While capitalists in Colorado are taking advantage of the new revenue opportunities the legalization of recreational pot has created, Berkeley's city council has pushed for the socialization of what's still considered a drug for medicinal use only within California.
Berkeley, known for its University of California campus as well as its historically liberal politics, currently has three medical marijuana dispensaries within its city limits. This July, the city council voted unanimously to allow low-income patients to receive free medical marijuana.
Low-income, in this case, represents any individual that makes less than $32,000 each year or any family of four making less than $46,000 each year. A total of two percent of the city’s total marijuana product will be given away for free when the law goes into effect next August.
At the simplest level, the law almost seems ridiculous. Berkeley stores will be forced to give away a substance that’s increasingly regarded in the same vein as recreational substances such as beer or wine. The process of obtaining a medical marijuana card is notoriously lax, particularly throughout the state of California, which has been issuing prescriptions for the past 20 years.
The city’s decision, however, emphasizes its commitment to marijuana as a medicinal substance. It also represents Berkeley’s continued commitment to its poorest residents.
The logic for passing the law stems from marijuana’s classification as a Schedule I drug under the terms of the federal Controlled Substances Act, in which it was deemed to have “no currently accepted medicinal use.” Because the substance is illegal on the federal level, it is not covered by insurance companies. Many residents — both in Berkeley and elsewhere — can not afford to buy the drug, even if they truly need it.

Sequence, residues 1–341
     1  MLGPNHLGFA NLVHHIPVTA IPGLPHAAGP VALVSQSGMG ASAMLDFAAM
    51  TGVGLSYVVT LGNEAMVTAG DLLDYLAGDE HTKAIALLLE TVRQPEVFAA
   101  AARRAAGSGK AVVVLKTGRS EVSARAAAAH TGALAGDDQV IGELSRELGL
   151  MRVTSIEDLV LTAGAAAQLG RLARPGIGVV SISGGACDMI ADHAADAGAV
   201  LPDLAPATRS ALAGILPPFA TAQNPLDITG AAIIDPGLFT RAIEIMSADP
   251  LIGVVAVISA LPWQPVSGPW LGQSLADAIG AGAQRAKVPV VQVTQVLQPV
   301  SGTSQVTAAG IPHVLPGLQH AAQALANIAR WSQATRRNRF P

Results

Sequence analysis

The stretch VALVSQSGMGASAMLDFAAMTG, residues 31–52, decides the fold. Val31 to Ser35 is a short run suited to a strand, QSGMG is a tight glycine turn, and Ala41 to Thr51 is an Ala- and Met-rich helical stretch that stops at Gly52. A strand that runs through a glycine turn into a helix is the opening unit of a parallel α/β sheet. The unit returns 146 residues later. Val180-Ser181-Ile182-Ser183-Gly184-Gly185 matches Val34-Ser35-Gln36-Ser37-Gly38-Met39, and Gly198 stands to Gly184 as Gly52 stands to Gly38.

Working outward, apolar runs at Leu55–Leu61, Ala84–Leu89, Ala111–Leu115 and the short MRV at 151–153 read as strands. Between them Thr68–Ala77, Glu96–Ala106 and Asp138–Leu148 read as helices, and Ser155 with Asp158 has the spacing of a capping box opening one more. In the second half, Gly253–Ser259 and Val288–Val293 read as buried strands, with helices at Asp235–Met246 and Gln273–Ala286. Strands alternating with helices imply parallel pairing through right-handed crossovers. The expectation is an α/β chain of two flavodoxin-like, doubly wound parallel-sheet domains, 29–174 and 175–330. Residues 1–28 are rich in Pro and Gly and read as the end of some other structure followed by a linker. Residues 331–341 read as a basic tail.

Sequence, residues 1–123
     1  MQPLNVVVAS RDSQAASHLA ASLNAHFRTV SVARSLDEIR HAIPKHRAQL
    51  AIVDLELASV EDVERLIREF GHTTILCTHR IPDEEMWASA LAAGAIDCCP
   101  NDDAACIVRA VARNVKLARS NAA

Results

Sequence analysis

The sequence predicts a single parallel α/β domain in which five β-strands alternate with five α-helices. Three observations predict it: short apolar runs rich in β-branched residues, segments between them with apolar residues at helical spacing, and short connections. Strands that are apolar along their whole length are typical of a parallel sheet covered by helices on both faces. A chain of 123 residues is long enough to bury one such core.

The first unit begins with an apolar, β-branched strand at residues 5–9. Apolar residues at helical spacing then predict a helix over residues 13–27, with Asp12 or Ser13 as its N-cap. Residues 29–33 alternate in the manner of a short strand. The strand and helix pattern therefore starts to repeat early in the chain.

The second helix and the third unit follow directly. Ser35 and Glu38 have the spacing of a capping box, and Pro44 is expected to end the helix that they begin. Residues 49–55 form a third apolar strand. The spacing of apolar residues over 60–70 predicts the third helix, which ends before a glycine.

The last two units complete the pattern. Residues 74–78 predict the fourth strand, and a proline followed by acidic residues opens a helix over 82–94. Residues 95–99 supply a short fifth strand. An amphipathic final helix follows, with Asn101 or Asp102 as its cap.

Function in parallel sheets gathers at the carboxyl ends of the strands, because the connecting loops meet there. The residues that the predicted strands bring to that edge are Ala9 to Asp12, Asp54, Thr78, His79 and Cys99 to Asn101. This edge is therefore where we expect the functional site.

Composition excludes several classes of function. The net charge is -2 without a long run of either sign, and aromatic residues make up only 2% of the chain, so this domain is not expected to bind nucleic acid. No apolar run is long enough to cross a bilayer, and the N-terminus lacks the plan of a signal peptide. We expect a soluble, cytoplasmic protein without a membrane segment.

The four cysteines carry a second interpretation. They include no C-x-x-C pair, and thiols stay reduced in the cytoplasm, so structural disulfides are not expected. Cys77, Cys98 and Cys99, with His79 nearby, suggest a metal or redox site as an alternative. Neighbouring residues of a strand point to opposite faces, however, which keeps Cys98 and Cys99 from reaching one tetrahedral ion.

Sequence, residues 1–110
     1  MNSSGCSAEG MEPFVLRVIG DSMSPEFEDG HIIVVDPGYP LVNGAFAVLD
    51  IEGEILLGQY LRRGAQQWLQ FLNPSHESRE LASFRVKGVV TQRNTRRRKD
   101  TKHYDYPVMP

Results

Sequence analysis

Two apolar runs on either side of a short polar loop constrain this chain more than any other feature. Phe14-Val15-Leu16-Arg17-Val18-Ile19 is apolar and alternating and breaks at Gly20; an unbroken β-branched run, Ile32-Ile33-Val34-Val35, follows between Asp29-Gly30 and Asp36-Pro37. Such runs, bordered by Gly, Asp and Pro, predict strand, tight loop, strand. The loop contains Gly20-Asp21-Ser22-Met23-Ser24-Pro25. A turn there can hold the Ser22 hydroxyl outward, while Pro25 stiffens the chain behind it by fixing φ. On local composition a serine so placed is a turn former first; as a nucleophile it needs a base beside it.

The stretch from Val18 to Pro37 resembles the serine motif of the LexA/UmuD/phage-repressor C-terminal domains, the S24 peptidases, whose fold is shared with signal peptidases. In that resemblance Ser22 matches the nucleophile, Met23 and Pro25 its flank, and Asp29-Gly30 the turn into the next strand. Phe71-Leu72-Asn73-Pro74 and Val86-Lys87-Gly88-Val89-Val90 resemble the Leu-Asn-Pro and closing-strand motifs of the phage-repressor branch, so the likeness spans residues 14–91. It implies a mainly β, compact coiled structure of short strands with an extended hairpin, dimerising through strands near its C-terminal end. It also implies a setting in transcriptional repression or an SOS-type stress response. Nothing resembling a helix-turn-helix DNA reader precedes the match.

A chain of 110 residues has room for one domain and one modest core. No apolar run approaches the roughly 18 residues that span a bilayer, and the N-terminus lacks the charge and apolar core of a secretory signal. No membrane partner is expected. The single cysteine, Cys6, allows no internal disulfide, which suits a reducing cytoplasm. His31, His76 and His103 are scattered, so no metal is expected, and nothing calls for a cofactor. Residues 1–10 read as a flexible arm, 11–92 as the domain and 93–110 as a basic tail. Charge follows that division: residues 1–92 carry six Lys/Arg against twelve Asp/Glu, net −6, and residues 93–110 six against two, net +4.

The mandate has raised concerns about individuals that may take advantage of the law, either reselling the free product on the street or using it for recreational purposes.
According to Berkeleyside, however, two of the city’s three dispensaries already have policies in place to distribute free marijuana to low-income customers. One dispensary, Berkeley Patients Group, claims to give away 1% of its product already, as it has been doing since 1999.
The Berkeley City Council, then, is simply catching up with the times, making sure all residents are able to receive the medicine that they need. The stigma regarding recreational marijuana use is changing, but the medicinal benefits of cannabis have had years to be proven by state legislators. The fact that there are now 23 states with marijuana approved for medicinal use demonstrates that those benefits aren’t under any serious questioning. No matter the nation’s opinion on the drug’s recreational use, medicine (in cases in which it is seriously needed) should be affordable and accessible to all. Berkeley will be a testing ground for whether citizens approach this law in the appropriate manner.